2023 Denver mayoral race: Candidate Lisa Calderón shares her platform

Posted at 3:05 PM, Feb 20, 2023
and last updated 2023-03-22 15:43:36-04

Lisa Calderón is a Denver native with a number of degrees, including her law degree and doctorate from Colorado universities. She is a professor at Regis University and the University of Colorado in Boulder. Calderón also serves as the executive director of Emerge Colorado, an organization that trains Democratic women how to run for office.

This isn’t her first mayor race. Calderón ran for office in 2019.

According to city data, the candidate qualified for the Denver Fair Elections Fund. At the start of February, she received $131,718.41. Of that, nearly $89,000 is from the Fair Elections Fund.

March 22 update |Response to the shooting of two deans at East High School in Denver:

"Tragedy has once again fallen on East High School as police are now responding to a shooting at the school and two adult victims have been transported to local hospitals. Our first thoughts are for the victims and their families, as well as the entire East High community.

The students and families of East High deserve so much better. Just last month, students staged a walkout fearing for their safety after the death of Luis Garcia. They marched to the Capitol steps and challenged legislators to push for stricter gun regulations.

I hear and agree with the pleas of students: Words are not enough. It is time for action. We need stronger restrictions on firearms. We also need more mental health counselors and de-escalation experts in our schools to support young people to prevent violence before it happens.

When young people turn to violence, it is a failure of our systems to support them and make them feel there is hope for their future. As a college professor who works with our youth, I am dedicated to working with DPS and state and local lawmakers to curtail access to guns and support students’ mental and emotional health by investing in prevention and intervention public health strategies."

Denver7's Chief Investigative Reporter asked Calderón about her plans if elected as Denver's next mayor. Watch their conversation or read a transcript below.

2023 Denver mayor race: Candidate Lisa Calderón shares her platform

Tony Kovaleski: Introduce yourself. Tell us your story.

Lisa Calderón: I am Lisa Calderón and I am a fourth-generation Denver resident. I'm running because I love this city and I want to make sure that we decentralize power and share it with our neighborhoods. I have four degrees, including a law degree and a doctorate and currently run a program called Emerge Colorado where we train Democratic women to run for office.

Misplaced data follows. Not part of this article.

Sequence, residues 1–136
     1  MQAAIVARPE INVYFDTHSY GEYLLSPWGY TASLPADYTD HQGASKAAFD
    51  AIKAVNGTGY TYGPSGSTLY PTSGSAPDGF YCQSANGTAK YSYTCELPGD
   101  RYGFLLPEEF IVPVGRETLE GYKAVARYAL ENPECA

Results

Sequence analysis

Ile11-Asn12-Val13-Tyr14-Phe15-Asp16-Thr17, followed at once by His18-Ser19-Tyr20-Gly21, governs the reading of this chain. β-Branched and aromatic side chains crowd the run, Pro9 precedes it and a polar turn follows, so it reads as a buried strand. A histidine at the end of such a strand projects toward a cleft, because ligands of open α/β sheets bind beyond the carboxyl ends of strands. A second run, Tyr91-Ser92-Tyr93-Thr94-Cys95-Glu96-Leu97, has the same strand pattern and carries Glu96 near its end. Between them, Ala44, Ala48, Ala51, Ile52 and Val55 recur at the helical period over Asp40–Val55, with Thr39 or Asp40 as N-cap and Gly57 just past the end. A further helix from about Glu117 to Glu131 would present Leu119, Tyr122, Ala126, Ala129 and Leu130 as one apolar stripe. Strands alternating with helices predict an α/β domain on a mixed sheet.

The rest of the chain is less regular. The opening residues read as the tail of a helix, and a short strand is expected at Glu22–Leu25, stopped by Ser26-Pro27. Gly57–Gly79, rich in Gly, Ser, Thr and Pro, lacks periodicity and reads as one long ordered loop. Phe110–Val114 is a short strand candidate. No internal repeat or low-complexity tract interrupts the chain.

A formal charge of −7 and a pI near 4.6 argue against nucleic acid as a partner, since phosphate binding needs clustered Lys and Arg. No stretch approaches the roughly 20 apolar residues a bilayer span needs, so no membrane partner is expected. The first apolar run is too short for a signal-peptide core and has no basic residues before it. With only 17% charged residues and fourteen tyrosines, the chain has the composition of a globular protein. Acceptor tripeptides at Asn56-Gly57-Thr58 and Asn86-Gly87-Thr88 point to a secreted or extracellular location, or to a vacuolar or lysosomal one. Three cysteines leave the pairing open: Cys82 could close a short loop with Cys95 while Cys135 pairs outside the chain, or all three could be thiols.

Tony Kovaleski: So first question: Insiders tell us the most important issues in this race are crime, homelessness, housing and transportation. Rank them from most important to least important and explain why.

Lisa Calderón: Well, housing first and foremost. Everything relates to that. We have a housing crisis, as people know. When I was a single parent in Denver, I could still afford a two-bedroom apartment in Park Hill. And that's not a reality for a lot of folks, including my own adult children now. You shouldn't have to live in Denver for four generations to be able to afford a home. So housing is my top priority. We could look at housing and crime connected. When people are stable, they tend to commit less crimes. I used to lead the city's reentry program and our No. 1 issue was housing. If you can get people housed, you can find them in terms of supportive services, and you can stabilize them. So, you know, we need more of that. We also need transformational transportation, meaning, you know, people need to be connected. We need to have a local circulator for people to be able to get from point A to point B and be less car-dependent. I care a lot about our environment. I was an opponent of the I-70 expansion because we know when you build bigger highways, you're going to have more cars on those highways. So, we really need to look at multimodal options that will save our environment and also get people where they need to go in a limited amount of time.

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Tony Kovaleski: So, you said your No. 1 priority was housing. So, the follow-up is, what is your pledge to voters on how you will address it and how that might be different than your opponents?

Lisa Calderón: We really need to revisit the expanding housing affordability ordinance. You know, luxury developers get to pay a linkage fee to get out of providing affordable housing units, and really, up to 20% affordable is not affordable in an increasingly unaffordable city. We really need to look at public financing for social housing. They have great models in Finland, where they also are the happiest country, and a lot has to do with housing stability, and community connections. So, we really need to look at accessible, affordable and deeply affordable housing at 60% of new housing units rather than a paltry 20%.